Born in Trinidad and raised in Queens, Cheryl Boyce-Taylor is the recipient of the 2015 Barnes & Nobles Writers for Writers Award. A graduate of Stonecoast MFA Poetry Program, she curates Calypso Muse and The Glitter Pomegranate Performance Series. A VONA fellow, her work has been published in Revolutionary Mothering: Love On The Front Lines, Adrienne, Prairie Schooner and Aloud:Voices From The Nuyorican Poets Cafe. The author of three collections of poetry her fourth book Arrival is forthcoming from Northwestern University Press.


Christine Hume is the author of three books, most recently Shot (Counterpath), and three chapbooks, Lullaby: Speculations on the First Active Sense (Ugly Duckling Presse), Ventifacts (Omnidawn), and Hum (Dikembe). She teaches in the interdisciplinary creative writing program at Eastern Michigan University.


Ruth Ellen Kocher has published seven poetry books including Third Voice (Tupelo 2016), Ending in Planes (Noemi Press, 2014), Goodbye Lyric: The Gigans and Lovely Gun (Sheep Meadow Press, 2014), and the 2014 PEN/Open Book Award winner, domina Un/blued (Tupelo Press, 2013). Her digital poetry has been curated by Trickhouse and has been featured by Poets & Writers Magazine. She teaches at the University of Colorado - Boulder.

Detroit-bred Jamea Richmond-Edwards graduated magna cum laude with a Bachelor of Art degree from Jackson State University in 2004 where she studied painting and drawing. She went on to earn an MFA from Howard University in 2012. In February 2013, she was included in Huffington Post’s “Black Artists: 30 Contemporary Art Makers Under 40 You Should Know.”


Carl Hancock Rux is an award winning playwright, poet, novelist, essayist, performer, theater director and recording artist. He is the author of several publications including Pagan Operetta (poetry), Asphalt (novel) and the OBIE award winning play Talk. He is the recipient of numerous awards including the Doris Duke Awards for New Works, the Doris Duke Charitable Fund, the New York Foundation for the Arts Prize and the Alpert Award in the Arts. His archives are housed at the Billy Rose Theater Division of the New York Public Library, the Archives of American Art, Smithsonian Institution as well as the Film and Video/Theater and Dance Library of the California Institute of the Arts. 


Tracy K. Smith is the author of the memoir Ordinary Light and three books of poetry: Life on Mars, which received the 2012 Pulitzer Prize; Duende, recipient of the 2006 James Laughlin Award, and The Body's Question, which won the 2002 Cave Canem Poetry Prize. Smith is also the recipient of the Academy of American Poets Fellowship, a Rona Jaffe Award and a Whiting Award. She was the Literature protégé in the 2009-2011 cycle of the Rolex Mentor and Protégé Arts Initiative.


Kat Sommers is a junior English major with a double minor in Philosophy and Theology, planning to graduate this coming summer. As proud Rochestarian, Kat enjoys hiking, photography and the occasional garbage plate. As a quasi-New Yorker, she enjoys making friends in the subway and playing games of pick up chess. Most of her inspiration comes from summers of flipping burgers and making milk shakes. 


Malcolm Tariq is from Savannah, Georgia and is currently a PhD candidate in English at the University of Michigan. His work has appeared in Red Truck Review and Kinfolks: a journal of black expression.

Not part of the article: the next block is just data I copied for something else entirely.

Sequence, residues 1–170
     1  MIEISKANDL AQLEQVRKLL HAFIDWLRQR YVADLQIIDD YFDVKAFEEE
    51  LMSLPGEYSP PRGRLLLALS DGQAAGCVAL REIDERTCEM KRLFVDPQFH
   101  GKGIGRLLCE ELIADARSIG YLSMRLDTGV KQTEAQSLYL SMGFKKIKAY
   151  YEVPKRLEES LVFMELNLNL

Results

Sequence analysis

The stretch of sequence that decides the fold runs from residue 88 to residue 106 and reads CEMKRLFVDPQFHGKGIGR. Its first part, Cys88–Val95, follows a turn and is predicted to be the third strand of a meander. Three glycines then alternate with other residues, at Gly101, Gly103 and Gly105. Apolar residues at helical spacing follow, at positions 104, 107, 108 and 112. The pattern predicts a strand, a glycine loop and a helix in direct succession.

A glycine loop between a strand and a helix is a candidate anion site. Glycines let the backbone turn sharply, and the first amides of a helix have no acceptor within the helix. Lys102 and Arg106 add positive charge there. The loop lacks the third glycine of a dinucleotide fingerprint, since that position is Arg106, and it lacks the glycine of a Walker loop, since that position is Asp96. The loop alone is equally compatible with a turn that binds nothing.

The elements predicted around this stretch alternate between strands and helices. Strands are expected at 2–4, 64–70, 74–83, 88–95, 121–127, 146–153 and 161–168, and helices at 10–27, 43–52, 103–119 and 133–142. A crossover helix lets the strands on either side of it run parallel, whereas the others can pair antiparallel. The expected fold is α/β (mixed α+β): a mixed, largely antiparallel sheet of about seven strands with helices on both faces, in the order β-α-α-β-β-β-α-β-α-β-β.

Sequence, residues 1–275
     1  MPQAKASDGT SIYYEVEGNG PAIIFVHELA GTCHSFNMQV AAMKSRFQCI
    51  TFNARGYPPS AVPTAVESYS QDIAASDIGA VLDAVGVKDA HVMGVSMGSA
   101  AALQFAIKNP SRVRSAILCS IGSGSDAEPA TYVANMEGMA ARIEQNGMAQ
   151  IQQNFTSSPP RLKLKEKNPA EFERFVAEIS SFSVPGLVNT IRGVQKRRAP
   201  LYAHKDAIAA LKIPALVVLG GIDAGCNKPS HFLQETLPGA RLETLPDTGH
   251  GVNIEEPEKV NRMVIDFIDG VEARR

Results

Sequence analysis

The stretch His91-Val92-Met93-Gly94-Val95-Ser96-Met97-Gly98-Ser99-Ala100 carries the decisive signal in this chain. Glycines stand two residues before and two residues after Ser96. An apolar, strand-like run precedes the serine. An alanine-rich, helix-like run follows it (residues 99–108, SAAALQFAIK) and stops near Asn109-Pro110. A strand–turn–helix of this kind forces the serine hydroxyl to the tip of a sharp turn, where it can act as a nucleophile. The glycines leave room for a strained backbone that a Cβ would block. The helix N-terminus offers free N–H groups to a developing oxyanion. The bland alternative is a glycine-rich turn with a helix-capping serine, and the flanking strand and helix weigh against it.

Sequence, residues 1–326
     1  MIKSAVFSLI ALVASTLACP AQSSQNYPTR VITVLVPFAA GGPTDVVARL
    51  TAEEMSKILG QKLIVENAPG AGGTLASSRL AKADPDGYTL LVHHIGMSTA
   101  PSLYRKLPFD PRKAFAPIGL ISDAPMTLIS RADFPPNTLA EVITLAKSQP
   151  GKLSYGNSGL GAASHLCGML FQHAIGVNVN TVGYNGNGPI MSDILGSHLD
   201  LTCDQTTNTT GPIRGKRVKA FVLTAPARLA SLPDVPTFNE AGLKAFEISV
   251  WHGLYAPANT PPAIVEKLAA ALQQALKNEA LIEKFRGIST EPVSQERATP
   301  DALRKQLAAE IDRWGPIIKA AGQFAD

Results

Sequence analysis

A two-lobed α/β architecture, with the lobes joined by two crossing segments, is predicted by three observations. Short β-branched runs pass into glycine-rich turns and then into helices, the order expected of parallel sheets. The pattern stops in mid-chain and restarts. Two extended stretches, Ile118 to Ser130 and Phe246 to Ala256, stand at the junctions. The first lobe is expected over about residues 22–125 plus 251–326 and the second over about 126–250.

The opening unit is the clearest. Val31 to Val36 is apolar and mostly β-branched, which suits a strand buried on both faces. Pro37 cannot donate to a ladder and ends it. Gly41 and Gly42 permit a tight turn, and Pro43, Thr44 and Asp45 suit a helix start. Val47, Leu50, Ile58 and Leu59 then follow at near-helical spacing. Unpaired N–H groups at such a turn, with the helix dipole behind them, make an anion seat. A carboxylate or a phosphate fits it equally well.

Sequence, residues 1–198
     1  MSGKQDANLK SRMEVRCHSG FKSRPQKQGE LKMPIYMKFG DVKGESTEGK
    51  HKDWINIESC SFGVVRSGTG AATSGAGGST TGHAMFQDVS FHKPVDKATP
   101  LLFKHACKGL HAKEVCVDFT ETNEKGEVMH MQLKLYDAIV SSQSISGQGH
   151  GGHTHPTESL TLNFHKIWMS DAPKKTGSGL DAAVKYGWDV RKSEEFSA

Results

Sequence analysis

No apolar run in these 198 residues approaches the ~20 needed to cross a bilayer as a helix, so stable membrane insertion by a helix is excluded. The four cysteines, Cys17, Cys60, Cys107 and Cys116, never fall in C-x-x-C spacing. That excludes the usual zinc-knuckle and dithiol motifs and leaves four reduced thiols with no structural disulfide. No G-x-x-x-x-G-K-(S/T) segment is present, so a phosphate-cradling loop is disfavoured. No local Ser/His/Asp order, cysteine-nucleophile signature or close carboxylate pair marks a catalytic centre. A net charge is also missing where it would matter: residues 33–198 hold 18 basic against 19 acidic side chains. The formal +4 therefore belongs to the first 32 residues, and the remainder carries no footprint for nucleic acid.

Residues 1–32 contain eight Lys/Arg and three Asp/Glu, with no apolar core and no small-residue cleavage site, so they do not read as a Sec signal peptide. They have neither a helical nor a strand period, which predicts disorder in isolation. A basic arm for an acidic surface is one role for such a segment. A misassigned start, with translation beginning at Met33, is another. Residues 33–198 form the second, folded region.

Quenton Baker is a poet and educator from Seattle. His current focus is the fact of blackness in American society. He is a 2015-16 Made at Hugo House fellow and a 2014 Pushcart Prize nominee. He is the author of This Glittering Republic, forthcoming from Willow Books in 2017.


Jesús Hilario-Reyes (born 1996, San Juan, Puerto Rico) is an Afro-Latino artist currently pursuing his BFA at the School of the Art Institute of Chicago. His work, which has been nationally recognized with the American Visions Award (2015), consists of a series' of works that mirror the black existence within American and Latin American communities. 


Dewayne C. Wrencher is a contemporary native-born Black American visual and spoken word artist working primarily with themes relating to identity, power, and historical events of social injustice. He received a Bachelor of Science in Art, emphasis on Printmaking with a minor in Ethnic and Racial Studies, from the University of Wisconsin - La Crosse and holds an Associate degree in Graphic Design. Dewayne is currently pursuing an MFA in Studio Art at Stony Brook University. More work and spoken words can found here:


Daniel A. Harris's second collection of poems, RANDOM UNISONS (2013), followed LOOSE PARLANCE (2008). His poetry has been nominated for a Pushcart award. His poems have been published in The Threepenny Review, Blueline, The Silt Reader, Tiger's Eye, Slant, Blue Unicorn, Sow’s Ear Poetry Review, The California Review, The Kerf, Coal City Review, Iodine, Kerem, Midstream, Illuminations, Taproot Literary Review, The Rockford Review, Tulane Review, Clavier, Gargoyle, The Listening Eye, Lullwater Review, Bryant Literary Review, Regarding Arts and Letters, Prelaton, and Poetica. He has written books of literary criticism on William Butler Yeats, Gerard Manley Hopkins, and Alfred Tennyson. Daniel is also an active environmentalist currently focusing on regional land-use issues, sustainable urban planning, and plastic bag reduction. He won a Sustainable Princeton Award in 2010 and a Stony Brook-Millstone Watershed Association Advocacy Award in 2012. Please visit his website: